I'm in Canada to get my flu shot, but the news must go on. Grand Theft Auto: San Andreas hits stores today. Expect a drop in real life carjacking as thugs try out the virtual stuff. Rockstar expects to sell 4.5 million units this week alone.
Apple's big press conference is today. Presumably they'll announce the new U2 iPod.
The shootout at the OK Corral occurred on this day in 1881. Pan Am made the first commercial transatlantic jet crossing, New York to Paris, in 1958. Doonesbury debuted in 1970.
- Three anti-spyware bills are working their way through Congress, and the FTC has achieved its first victory in its lawsuit against Spamford Wallace. On Thursday the US District Court granted a temporary restraining order against Wallace prohibiting him from exploiting Internet vulnerabilities to place spyware on computers. Wallace was given 24 hours to pull his software from the web.
- PalmOne has officially announced the release of the Treo 650. Sprint has cornered the market on the hot phone through sometime next year. Sprint says the phone will be available by mid-November and cost around $500. Wi-Fi support will not be available at first, but PalmOne does expect to make a Wi-Fi card for the phone eventually.
- Microsoft says it will compete with Google in the desktop search arena, as well. The company plans to release its own desktop search program before the end of the year.
- Meanwhile Google shares were up another 15% on Friday, topping $180/share at one point. Thanks to a strong earnings report on Thursday, two analysts are saying it's worth over $200.
- Maybe there's good reason. According to a new survey by MSN Search, when men want advice they turn to search engines first. 50% of the men surveyed say they Google first, one-third say they ask family members, only one in four say they ask their wives first. One man in three has searched for his name online; only one in five women has done so.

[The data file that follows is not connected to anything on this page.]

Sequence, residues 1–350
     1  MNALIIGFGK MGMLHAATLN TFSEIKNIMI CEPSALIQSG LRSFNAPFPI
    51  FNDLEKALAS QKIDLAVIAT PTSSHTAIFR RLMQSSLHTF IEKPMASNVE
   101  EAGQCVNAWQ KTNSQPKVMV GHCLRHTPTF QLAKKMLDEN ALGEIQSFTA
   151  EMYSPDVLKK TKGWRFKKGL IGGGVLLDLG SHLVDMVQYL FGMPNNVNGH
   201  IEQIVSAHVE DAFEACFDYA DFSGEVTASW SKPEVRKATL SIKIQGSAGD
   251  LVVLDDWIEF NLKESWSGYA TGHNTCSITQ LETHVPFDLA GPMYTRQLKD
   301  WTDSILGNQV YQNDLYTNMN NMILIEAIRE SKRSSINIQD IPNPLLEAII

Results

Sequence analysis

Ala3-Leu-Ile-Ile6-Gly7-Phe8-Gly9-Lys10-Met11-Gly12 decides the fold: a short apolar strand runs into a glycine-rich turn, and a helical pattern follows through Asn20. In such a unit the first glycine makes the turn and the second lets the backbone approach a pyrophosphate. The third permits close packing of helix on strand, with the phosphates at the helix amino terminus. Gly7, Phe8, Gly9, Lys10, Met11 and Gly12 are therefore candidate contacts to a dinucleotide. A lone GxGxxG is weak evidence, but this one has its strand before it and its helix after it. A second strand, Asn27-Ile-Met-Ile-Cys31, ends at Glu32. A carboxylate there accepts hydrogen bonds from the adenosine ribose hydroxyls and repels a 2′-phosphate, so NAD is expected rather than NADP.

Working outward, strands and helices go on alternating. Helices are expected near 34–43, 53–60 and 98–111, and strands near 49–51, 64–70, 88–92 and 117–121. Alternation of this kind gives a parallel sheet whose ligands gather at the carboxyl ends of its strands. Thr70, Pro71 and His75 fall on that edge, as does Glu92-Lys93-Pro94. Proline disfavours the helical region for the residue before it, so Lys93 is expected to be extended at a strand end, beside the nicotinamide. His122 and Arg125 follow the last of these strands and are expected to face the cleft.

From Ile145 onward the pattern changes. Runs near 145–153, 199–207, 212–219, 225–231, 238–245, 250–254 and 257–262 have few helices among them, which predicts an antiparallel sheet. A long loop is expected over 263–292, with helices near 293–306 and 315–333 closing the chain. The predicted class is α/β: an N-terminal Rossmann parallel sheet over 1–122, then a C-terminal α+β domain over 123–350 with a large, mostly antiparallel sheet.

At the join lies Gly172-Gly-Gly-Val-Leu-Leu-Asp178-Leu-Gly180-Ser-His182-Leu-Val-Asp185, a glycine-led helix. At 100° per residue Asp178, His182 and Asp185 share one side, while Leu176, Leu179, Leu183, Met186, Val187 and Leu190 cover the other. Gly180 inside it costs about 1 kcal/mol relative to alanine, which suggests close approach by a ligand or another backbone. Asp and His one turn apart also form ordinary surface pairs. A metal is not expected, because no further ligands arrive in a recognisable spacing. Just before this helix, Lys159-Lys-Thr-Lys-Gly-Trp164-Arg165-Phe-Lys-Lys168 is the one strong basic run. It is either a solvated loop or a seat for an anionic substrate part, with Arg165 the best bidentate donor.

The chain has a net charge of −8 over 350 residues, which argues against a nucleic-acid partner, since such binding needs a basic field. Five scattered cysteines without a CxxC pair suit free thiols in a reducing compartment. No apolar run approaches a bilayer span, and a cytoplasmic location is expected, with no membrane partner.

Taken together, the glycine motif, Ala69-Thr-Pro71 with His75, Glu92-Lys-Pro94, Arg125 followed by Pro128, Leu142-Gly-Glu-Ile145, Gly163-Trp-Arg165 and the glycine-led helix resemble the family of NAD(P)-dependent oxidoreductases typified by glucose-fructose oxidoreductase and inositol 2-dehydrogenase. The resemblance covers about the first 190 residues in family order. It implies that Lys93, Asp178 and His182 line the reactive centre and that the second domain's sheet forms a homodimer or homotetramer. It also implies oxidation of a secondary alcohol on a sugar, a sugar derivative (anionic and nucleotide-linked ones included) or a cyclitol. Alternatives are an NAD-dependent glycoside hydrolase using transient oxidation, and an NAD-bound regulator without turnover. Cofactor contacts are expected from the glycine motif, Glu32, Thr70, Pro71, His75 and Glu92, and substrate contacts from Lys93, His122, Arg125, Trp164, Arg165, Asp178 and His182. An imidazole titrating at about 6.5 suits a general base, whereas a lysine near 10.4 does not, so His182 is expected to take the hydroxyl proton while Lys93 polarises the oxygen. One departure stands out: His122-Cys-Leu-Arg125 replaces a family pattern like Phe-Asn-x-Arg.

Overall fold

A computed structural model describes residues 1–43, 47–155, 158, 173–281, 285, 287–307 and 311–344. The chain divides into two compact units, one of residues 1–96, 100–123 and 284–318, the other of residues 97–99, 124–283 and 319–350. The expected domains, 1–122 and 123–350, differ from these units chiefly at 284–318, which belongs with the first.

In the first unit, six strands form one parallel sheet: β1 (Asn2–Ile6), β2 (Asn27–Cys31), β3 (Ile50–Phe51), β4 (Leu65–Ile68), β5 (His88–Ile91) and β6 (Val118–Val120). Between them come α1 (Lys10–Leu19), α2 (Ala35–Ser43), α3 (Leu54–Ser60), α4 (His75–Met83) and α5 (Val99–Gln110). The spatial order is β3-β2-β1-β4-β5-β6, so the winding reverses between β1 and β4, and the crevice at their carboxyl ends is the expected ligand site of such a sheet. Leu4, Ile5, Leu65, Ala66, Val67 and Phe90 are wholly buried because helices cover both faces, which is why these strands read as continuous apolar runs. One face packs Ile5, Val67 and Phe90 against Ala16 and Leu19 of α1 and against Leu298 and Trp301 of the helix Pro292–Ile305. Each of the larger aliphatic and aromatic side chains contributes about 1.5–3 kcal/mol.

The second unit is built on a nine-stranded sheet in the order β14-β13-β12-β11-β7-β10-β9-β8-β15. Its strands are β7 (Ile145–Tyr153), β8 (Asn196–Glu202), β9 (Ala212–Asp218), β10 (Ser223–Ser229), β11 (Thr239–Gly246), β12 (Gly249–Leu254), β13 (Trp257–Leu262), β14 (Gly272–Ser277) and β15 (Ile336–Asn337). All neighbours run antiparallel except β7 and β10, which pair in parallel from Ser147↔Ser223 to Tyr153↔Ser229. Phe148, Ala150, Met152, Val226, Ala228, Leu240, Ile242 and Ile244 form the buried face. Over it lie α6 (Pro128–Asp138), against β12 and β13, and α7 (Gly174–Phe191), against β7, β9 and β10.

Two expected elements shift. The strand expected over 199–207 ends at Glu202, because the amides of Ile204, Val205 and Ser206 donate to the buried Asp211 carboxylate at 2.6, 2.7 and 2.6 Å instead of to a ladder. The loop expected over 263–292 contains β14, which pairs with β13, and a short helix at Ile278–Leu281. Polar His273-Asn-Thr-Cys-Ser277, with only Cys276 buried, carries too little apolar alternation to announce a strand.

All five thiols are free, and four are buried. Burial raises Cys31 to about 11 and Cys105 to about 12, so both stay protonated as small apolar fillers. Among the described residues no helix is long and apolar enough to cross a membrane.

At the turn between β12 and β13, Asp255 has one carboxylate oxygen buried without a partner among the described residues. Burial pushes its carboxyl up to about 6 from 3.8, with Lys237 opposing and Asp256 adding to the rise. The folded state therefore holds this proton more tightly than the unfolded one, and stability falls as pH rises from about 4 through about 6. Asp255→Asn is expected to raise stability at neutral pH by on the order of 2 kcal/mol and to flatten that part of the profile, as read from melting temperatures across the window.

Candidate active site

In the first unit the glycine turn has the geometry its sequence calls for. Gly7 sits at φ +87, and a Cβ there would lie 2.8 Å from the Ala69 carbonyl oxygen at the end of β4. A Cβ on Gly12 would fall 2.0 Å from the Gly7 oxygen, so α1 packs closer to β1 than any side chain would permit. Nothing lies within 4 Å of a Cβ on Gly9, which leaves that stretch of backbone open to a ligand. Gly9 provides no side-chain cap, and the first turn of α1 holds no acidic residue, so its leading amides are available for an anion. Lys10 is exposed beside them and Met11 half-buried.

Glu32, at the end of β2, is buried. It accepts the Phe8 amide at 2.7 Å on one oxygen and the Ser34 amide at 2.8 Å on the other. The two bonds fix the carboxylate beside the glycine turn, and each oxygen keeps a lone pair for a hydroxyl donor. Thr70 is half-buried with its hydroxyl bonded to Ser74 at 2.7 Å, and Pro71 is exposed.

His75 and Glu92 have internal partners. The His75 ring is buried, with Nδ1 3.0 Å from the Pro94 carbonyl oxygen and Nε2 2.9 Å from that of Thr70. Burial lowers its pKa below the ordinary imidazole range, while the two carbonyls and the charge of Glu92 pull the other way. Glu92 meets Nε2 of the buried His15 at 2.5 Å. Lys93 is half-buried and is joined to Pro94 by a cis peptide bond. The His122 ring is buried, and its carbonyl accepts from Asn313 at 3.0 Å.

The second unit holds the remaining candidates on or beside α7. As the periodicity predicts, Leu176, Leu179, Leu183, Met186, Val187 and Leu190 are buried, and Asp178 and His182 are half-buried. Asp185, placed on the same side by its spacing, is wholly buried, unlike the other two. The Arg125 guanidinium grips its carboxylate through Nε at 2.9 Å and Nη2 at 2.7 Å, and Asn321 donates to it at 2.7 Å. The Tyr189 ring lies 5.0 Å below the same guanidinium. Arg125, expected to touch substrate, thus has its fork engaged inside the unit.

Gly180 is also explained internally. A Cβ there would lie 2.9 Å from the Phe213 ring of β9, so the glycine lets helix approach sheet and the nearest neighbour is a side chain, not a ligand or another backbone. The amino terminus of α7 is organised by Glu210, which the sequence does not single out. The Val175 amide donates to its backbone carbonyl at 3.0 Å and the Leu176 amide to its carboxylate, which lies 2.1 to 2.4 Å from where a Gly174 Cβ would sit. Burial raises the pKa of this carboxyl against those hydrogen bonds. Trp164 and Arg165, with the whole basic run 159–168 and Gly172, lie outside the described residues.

- An AOL survey shows that 20% of home computers are infected with viruses. 80% are infected with spyware. Infected machines had an average of 93 different spyware programs on them. Technical experts from AOL and the National Cyber Security Alliance examined 329 computers in the survey. More than 70% of owners falsely thought they were protected from online threats.
- AOL is giving its seal of approval to a reworked Microsoft anti-spam proposal. The technology, known as Sender ID, was rejected by the IETF last month because it was encumbered by Microsoft patents. The patent has been restated but it's not clear whether open source advocates will accept the new proposal.
- The DOJ has given its go ahead for Cingular's acquisition of AT&T Wireless. The merger awaits FCC approval now. The merger will give Cingular 47.6 million subscribers, making it the number one wireless carrier.
- A fake Red Hat security alert is making the rounds. The alert, targeting users of Fedora, encourages users to download a "patch" which is actually a Trojan horse. Red Hat says don't install updates unless they're digitally signed by the company.
- The tech industry received a big tax break on Friday. President Bush signed a bill offering $136 billion in corporate tax relief, including a reduction from 35% to %5.25 in the tax rate on foreign profits for US multinationals. The breaks have been criticized for encouraging offshoring of jobs, but the US tech industry lobbied heavily for them saying they needed the money for additional R&D and investment. Senator Feinstein's amendment requiring companies to spend their tax windfall in the US was rejected.
Listen in Tuesday at 6:45a Pacific for my weekly news commentary on KGO 810 AM in San Francisco.